If humanity could capture one tenth of one percent of the solar energy striking the earth – one part in one thousand - we would have access to six times as much energy as we consume in all forms today, with almost no greenhouse gas emissions. At the current rate of energy consumption increase – about 1 percent per year – we will not be using that much energy for another 180 years.
The cost of solar, in the average location in the U.S., will cross the current average retail electricity price of 12 cents per kilowatt hour in around 2020, or 9 years from now. In fact, given that retail electricity prices are currently rising by a few percent per year, prices will probably cross earlier, around 2018 for the country as a whole, and as early as 2015 for the sunniest parts of America.

10 years later, in 2030, solar electricity is likely to cost half what coal electricity does today. Solar capacity is being built out at an exponential pace already. When the prices become so much more favorable than those of alternate energy sources, that pace will only accelerate.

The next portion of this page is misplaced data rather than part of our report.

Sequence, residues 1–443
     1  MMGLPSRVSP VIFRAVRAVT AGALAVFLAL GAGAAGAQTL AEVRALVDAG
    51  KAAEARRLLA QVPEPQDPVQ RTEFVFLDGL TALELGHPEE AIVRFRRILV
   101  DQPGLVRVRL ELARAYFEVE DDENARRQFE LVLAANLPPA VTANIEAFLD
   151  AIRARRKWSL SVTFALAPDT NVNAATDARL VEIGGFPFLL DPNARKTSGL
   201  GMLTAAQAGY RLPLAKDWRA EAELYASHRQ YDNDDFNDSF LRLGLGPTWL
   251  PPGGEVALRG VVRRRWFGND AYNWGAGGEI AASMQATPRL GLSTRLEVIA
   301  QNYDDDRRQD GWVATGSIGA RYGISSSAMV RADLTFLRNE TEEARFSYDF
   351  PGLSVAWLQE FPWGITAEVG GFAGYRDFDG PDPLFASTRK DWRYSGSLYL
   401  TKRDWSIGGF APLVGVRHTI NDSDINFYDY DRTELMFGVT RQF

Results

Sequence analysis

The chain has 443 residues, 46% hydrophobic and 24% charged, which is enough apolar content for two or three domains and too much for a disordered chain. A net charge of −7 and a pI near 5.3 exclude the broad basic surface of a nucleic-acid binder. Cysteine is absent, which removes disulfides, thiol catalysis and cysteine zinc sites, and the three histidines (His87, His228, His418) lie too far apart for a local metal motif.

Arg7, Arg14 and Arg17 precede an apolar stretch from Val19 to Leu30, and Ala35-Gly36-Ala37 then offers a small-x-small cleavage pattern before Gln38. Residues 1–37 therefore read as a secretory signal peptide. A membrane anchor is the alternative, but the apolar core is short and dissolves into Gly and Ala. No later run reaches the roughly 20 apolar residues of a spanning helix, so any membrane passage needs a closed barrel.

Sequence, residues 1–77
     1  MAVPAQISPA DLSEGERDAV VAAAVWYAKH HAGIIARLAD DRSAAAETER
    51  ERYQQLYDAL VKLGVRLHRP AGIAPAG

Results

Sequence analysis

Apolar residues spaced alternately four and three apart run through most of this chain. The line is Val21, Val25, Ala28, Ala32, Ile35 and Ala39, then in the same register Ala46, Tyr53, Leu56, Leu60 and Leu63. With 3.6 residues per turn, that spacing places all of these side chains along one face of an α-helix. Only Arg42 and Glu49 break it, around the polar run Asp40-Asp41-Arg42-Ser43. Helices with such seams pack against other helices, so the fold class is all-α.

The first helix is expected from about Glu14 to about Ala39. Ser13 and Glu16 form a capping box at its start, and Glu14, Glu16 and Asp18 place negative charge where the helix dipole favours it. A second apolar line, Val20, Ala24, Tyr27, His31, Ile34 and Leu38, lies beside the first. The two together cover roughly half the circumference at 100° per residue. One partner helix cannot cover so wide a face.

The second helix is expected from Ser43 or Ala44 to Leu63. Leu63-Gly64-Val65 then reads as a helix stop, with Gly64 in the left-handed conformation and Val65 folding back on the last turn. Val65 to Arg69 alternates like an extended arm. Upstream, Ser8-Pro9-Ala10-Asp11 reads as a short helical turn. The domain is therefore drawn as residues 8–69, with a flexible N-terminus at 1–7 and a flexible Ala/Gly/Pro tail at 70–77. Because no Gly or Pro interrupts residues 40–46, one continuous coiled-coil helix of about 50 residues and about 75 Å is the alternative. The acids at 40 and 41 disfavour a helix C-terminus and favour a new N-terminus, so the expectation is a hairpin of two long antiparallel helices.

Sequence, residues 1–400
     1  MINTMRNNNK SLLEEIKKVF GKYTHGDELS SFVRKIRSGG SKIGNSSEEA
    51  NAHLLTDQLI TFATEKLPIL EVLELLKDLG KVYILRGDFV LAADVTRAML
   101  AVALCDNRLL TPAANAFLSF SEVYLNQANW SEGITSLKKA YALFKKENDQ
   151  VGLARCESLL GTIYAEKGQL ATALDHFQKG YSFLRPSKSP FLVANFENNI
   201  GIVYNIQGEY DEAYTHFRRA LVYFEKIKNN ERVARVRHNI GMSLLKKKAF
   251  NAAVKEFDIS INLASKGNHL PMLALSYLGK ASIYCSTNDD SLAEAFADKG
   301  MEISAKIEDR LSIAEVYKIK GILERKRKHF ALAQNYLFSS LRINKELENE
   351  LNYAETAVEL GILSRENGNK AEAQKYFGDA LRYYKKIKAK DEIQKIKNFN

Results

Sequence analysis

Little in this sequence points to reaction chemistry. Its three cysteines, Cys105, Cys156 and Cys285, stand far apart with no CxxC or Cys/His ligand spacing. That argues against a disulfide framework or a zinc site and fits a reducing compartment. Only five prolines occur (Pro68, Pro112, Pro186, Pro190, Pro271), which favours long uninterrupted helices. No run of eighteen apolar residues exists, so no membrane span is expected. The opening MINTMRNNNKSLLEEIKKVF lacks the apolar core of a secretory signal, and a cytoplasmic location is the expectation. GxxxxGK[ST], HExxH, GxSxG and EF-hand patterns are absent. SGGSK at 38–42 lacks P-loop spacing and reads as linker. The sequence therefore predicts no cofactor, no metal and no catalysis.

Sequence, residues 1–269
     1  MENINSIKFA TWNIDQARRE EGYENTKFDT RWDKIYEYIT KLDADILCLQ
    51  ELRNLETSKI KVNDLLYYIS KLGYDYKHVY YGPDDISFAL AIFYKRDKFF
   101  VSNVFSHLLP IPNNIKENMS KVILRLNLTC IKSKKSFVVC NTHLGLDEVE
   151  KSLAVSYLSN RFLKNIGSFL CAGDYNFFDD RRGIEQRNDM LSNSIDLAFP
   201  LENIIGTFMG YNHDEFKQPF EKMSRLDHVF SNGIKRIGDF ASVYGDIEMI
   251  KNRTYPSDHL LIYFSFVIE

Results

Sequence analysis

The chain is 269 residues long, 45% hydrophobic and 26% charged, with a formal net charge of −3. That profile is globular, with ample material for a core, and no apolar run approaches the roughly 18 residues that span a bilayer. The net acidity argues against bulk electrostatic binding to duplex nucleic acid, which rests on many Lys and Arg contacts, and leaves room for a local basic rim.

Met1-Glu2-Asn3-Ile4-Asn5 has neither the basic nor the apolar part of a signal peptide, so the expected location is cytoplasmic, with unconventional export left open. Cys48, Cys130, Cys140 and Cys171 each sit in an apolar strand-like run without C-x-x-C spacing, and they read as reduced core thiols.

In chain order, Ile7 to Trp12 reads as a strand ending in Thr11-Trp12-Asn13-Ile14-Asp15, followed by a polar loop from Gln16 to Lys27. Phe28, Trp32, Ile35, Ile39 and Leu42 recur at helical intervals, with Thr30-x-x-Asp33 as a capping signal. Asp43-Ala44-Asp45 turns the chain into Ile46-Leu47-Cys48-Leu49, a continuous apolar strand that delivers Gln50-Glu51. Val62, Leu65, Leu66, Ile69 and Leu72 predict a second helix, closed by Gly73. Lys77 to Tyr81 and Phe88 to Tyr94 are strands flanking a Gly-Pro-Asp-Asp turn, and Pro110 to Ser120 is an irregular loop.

Riaz Haq said...

Here's a NY Times story on India benefiting from plummeting prices of solar panels and solar energy:

Over the last decade, India has opened the state-dominated power-generating industry to private players, while leaving distribution and rate-setting largely in government hands. European countries heavily subsidize solar power by agreeing to buy it for decades at a time, but the subsidies in India are lower and solar operators are forced into to greater competition, helping push down costs.

This month, the government held its second auction to determine the price at which its state-owned power trading company — NTPC Vidyut Vyapar Nigam — would buy solar-generated electricity for the national grid. The average winning bid was 8.77 rupees (16.5 cents) per kilowatt hour.

That is about twice the price of coal-generated power, but it was about 27 percent lower than the winning bids at the auction held a year ago. Germany, the world’s biggest solar-power user, pays about 17.94 euro cents (23 American cents) per kilowatt hour.

India still significantly lags behind European countries in the use of solar. Germany, for example, had 17,000 megawatts of solar power capacity at the end of 2010. But India, which gets more than 300 days of sunlight a year, is a more suitable place to generate solar power. And being behind is now benefiting India, as panel prices plummet, enabling it to spend far less to set up solar farms than countries that pioneered the technology.